the corona chronicles, day 8: being thankful

I started writing a post about the new stimulus package and how it’s not fair that dependent adult students are not getting anything from the package, while parents will be given $500 for each dependent child. My son lives with us, he has a part-time job, goes to school full-time, does everything right, but he can’t get a penny from this program? Well, that’s all I’ll say about it.

air atmosphere blue blue sky
Photo by Lukas on Pexels.com

What changed my mind was sitting outside. After a thunderstorm last night and what seems like rain every day or two throughout the month of March, the sun is shining brightly today. It feels good to know that no matter what craziness is going on on this planet, the earth will still revolve around the sun, rain will fill our reservoirs, and life will go on.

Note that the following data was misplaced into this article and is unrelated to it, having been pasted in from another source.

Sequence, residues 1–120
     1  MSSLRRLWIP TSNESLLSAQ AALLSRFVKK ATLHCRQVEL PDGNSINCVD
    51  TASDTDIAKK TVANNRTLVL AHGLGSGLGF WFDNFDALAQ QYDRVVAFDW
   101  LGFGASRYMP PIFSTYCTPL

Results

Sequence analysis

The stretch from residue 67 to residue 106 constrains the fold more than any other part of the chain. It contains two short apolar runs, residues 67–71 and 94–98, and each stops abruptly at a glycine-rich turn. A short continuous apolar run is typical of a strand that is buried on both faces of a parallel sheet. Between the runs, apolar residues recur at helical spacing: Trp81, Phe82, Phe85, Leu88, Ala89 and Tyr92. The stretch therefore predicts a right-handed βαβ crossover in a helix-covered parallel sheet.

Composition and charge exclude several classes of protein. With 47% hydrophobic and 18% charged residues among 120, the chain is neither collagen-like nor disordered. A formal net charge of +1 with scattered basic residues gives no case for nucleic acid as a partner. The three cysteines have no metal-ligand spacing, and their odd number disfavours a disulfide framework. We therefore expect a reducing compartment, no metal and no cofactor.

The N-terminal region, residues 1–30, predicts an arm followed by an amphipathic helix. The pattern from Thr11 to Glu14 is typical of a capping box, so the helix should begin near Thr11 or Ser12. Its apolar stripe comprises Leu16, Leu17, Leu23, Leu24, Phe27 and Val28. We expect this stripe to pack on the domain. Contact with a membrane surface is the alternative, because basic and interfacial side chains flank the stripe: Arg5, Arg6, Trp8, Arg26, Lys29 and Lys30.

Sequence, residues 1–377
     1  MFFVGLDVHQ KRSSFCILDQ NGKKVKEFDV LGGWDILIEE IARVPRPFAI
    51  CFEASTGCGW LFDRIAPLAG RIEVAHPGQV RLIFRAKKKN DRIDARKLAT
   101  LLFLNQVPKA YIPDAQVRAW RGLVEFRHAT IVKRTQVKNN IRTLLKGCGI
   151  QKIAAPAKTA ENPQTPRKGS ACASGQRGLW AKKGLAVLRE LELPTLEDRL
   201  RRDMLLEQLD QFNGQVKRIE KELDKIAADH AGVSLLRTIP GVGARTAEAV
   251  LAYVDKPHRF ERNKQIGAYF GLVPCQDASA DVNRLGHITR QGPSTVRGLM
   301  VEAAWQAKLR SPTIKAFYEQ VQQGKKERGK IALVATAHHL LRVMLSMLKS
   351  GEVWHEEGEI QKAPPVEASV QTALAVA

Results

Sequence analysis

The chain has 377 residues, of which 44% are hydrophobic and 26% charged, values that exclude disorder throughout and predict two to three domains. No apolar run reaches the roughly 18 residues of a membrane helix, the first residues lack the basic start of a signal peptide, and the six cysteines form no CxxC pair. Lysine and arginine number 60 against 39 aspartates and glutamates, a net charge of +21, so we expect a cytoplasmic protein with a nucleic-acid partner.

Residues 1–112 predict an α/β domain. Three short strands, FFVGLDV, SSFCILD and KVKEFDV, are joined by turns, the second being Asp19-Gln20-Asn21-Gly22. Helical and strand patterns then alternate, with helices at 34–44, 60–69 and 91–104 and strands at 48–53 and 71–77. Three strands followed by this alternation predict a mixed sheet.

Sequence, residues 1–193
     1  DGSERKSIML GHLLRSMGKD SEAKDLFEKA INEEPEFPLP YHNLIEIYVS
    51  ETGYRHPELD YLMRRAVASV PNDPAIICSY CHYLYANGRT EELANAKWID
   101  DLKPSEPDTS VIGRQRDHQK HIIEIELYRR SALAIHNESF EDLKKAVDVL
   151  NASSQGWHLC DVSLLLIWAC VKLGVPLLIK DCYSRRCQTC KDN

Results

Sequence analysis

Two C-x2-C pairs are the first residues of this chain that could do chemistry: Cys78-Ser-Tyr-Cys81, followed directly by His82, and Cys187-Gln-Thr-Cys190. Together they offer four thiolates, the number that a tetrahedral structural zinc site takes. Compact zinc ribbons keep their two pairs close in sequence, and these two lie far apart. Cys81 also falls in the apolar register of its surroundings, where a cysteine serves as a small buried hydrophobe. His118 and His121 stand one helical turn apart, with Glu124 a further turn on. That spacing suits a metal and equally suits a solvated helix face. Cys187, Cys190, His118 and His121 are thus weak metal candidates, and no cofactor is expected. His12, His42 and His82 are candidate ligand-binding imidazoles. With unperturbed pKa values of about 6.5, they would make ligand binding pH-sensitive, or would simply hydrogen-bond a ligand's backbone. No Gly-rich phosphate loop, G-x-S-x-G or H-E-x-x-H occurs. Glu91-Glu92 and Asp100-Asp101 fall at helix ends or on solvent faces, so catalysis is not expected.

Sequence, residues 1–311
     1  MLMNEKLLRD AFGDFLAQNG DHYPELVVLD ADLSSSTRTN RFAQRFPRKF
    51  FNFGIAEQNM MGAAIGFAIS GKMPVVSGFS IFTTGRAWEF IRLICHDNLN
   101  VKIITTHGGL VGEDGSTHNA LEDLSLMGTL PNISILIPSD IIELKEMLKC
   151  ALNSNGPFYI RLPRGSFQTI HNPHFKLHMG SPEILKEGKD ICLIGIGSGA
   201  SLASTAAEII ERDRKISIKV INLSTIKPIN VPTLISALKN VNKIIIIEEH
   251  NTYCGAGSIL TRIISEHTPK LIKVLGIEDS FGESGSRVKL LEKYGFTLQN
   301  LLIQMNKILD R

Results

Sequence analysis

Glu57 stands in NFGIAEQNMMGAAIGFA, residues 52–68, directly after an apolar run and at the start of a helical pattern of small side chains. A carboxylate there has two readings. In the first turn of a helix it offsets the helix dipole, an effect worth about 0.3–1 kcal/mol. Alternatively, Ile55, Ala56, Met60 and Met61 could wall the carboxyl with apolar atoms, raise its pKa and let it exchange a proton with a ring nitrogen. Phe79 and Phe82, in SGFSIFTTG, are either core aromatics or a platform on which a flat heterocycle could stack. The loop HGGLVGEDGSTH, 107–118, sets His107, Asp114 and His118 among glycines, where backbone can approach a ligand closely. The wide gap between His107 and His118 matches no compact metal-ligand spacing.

I began thinking about what I’m thankful for right now: that rain has brought green grass and blooming flowers, that my golden retriever was sitting by my side, that my four adult kids are all safe and healthy, that I have a roof over my head and a home my two sons can live in without worrying about being evicted (barring any stupid stunts, of course), that I have meaningful work that I can do from home and get paid for, that my husband remains employed through these nutty times, that I have running vehicles, friends I can count on (and a couple I can’t–but that’s for another day), and the simple fact that I can breathe in and out.